Supreme Court Starts Hearings in Case Against Health Reform Law

TOPIC ALERT:

On Monday, the Supreme Court begins oral arguments in the case against the federal health reform law, the Los Angeles Times reports (Levey, Los Angeles Times, 3/24).

In six hours of arguments over three days, the court will weigh four issues:

  • Whether the tax anti-injunction act prevents courts from ruling on the matter until the defendants pay the penalty for not obtaining health insurance coverage under the individual mandate;
  • Whether the individual mandate violates the Constitution;
  • Whether the remainder of the law can stand if the individual mandate is struck down; and
  • Whether the Medicaid expansion amounts to unlawful coercion of the states by the federal government (Radnofsky, "Washington Wire," Wall Street Journal, 3/23).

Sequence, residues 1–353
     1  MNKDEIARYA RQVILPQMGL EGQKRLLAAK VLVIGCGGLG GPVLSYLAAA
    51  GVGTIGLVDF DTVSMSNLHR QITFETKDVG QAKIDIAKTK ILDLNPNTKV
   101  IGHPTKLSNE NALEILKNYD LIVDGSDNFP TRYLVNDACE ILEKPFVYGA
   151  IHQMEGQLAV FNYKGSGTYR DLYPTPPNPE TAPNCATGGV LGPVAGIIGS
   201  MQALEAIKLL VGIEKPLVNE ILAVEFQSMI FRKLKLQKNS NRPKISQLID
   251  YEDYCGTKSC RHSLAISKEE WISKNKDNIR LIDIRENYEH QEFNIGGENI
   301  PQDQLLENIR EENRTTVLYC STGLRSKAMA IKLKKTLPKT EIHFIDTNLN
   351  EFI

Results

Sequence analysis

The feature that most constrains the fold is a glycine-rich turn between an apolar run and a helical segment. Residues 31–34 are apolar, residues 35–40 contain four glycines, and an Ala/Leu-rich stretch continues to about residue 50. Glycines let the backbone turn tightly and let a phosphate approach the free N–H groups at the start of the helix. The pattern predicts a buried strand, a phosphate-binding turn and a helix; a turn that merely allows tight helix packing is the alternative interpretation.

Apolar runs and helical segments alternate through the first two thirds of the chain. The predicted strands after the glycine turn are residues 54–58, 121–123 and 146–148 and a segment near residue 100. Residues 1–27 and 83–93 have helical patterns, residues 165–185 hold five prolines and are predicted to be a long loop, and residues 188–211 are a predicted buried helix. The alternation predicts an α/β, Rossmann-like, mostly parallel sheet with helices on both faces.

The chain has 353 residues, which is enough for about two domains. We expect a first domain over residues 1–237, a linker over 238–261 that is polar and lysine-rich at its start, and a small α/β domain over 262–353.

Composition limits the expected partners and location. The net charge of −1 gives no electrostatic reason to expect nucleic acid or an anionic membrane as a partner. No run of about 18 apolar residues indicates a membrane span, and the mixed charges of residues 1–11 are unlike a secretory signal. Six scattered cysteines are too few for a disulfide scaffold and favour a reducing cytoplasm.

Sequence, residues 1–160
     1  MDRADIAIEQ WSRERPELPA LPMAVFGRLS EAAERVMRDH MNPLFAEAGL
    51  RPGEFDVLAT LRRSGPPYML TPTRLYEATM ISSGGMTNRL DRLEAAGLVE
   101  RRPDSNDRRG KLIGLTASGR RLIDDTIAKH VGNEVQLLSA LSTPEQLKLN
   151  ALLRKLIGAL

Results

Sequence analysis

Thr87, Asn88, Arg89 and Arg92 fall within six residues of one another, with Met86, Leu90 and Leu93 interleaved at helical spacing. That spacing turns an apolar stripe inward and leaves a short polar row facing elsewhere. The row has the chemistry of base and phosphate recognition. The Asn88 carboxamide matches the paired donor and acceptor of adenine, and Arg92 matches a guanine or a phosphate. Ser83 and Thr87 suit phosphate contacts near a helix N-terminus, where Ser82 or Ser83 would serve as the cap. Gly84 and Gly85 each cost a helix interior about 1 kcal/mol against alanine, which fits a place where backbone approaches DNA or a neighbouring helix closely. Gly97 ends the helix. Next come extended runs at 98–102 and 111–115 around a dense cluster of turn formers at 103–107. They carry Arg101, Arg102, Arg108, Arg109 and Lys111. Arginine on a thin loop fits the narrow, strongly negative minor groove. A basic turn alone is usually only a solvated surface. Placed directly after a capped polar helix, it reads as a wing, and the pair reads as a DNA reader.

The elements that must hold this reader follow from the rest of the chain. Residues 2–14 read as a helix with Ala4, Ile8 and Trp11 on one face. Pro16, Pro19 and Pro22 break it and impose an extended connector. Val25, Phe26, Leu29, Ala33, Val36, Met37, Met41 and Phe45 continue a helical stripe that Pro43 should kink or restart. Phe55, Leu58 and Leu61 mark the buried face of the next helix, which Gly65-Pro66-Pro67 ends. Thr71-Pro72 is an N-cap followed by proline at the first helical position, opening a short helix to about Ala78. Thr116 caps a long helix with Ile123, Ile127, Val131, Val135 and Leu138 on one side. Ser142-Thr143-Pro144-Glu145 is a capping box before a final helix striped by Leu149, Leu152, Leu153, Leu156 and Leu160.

According to the New York Times, the central argument -- the constitutionality of the individual mandate -- will not be addressed until Tuesday. On Monday, the court will hear two-and-a-half hours of arguments on the tax anti-injunction act, an 1867 federal law that states that "no suit for the purpose of restraining the assessment or collection of any tax shall be maintained in any court by any person." Under that law, the high court could decide that the case cannot be heard until the defendants pay the penalty for not obtaining health coverage on their taxes in 2015 (Liptak, New York Times, 3/26).

Based on the arguments put forth in briefs by the plaintiffs and the defendants, there are six possible outcomes in the case, Politico reports. The Supreme Court could:

  • Uphold the entire law;
  • Strike down the entire law;
  • Strike down just the individual mandate;
  • Strike down the individual mandate and any other provision linked to it;
  • Strike down the Medicaid expansion; or
  • Decide that the anti-injunction act prevents a ruling (Nather, Politico, 3/26).

For more analysis of the case, here are three California Healthline news features:

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